The measurement of PARP-1 enzymatic activity in peripheral blood leukocytes has been used in clinical trials of rucaparib [12,18] and olaparib [19,20] as a pharmacodynamic biomarker. However, recent demonstration of poor correlation between leukocyte PARP-1 activity and the anti-tumor efficacy [18,19] suggest that this assay may be suboptimal. Therefore, alternative biomarkers, such as the yH2AX or RAD51 foci, may be more reliable indices of effectiveness .
Using a murine preclinical model [15,16,22], we have established an effective treatment regimen for the administration of olaparib or rucaparib in combination with 131I-MIBG. The treatment procedure, which mimics therapy schedules used clinically, did not aggravate the toxicity of either agent administered alone. This was manifest by the maintenance of murine body weight up to 57 or 36 days following administration of PARP-1 inhibitors as single agents or in combination with 131I-MIBG, respectively. Similarly, Min et al.  demonstrated no significant reduction in mouse weight compared to vehicle control mice, following administration of 50mg/kg olaparib. The drug concentrations used in this study are comparable to those used previously in experimental therapy of mice bearing xenografts derived from neuroblastoma, medulloblastoma and gastric cancer [23-25]. Furthermore, the administered doses are below the 400mg twice daily maximum tolerated dose of olaparib  and the 600mg twice daily recommended dose of rucaparib .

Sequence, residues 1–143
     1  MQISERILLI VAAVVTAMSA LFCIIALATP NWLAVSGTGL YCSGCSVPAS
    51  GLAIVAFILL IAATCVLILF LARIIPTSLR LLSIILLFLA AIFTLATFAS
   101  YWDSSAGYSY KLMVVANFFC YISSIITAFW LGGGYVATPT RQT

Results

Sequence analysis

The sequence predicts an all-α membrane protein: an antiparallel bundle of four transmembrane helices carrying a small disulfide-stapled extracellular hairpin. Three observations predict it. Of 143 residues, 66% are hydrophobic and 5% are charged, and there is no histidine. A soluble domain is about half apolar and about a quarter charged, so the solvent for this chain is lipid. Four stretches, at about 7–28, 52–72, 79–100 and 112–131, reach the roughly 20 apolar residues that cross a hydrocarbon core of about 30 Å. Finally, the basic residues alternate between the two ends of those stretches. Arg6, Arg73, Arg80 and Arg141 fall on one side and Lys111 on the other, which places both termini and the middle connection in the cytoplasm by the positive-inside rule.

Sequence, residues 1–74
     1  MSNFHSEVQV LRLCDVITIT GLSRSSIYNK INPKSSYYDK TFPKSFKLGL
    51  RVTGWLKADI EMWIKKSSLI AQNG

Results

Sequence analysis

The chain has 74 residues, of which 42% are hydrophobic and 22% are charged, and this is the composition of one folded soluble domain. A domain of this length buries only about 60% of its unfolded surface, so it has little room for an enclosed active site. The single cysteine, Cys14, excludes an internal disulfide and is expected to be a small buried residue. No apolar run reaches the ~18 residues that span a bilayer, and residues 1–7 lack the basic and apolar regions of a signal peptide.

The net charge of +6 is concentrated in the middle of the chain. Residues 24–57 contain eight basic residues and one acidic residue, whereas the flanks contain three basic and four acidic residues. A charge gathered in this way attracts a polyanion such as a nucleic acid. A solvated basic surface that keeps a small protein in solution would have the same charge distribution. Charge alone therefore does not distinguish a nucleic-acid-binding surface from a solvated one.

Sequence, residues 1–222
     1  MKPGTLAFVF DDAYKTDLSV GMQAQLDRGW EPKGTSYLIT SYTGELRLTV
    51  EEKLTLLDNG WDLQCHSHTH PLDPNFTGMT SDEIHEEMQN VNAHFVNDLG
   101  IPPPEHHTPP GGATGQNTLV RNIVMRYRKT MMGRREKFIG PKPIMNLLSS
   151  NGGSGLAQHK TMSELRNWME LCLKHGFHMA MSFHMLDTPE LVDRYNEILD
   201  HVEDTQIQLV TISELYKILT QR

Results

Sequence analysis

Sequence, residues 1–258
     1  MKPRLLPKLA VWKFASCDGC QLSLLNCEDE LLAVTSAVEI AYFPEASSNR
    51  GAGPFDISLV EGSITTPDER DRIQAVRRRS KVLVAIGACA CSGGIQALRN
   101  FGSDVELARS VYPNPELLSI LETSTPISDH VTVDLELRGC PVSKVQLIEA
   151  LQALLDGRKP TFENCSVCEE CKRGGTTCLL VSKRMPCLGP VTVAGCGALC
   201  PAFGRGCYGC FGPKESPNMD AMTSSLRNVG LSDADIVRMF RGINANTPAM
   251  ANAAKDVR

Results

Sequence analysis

The results of this in vivo study have demonstrated that administration of PARP-1 inhibitors, rucaparib and olaparib, as single agents, inhibited DNA repair in mouse tumor xenografts in a time-dependent manner. This finding is in support of our published in vitro data . We also established a reliable protocol for the administration of olaparib and rucaparib in NAT-expressing tumor xenografts established in athymic mice. The doses administered were similar to those used clinically, and were well tolerated. These preliminary results indicate the feasibility of combining rucaparib or olaparib with 131I-MIBG for the treatment of neuroendocrine tumors. It is expected that the combination of PARP-1 inhibition with 131I-MIBG will engender more effective therapy of NAT-expressing tumors.
The authors wish to thank Dr. Sally Pimlott and Dr. Sue Champion for radiopharmaceutical synthesis; Ms Nicola Munroe and Mr David McLaughlin for assistance with in vivo experimentation; Ms Gemma Thomson for assistance with image analysis. This work was supported by grant funding from Children with Cancer UK (W1057 and 15-191), Glasgow Children's Hospital Charity (YRSS/SPG/2015/01) and the Chief Scientist Office Scotland (TCS/16/38). Dr M N Gaze is supported by the National Institute for Health Research University College London Hospitals Biomedical Research Centre. Funding bodies played no role in the design of the study, collection, analysis, and interpretation of data, or in writing the manuscript.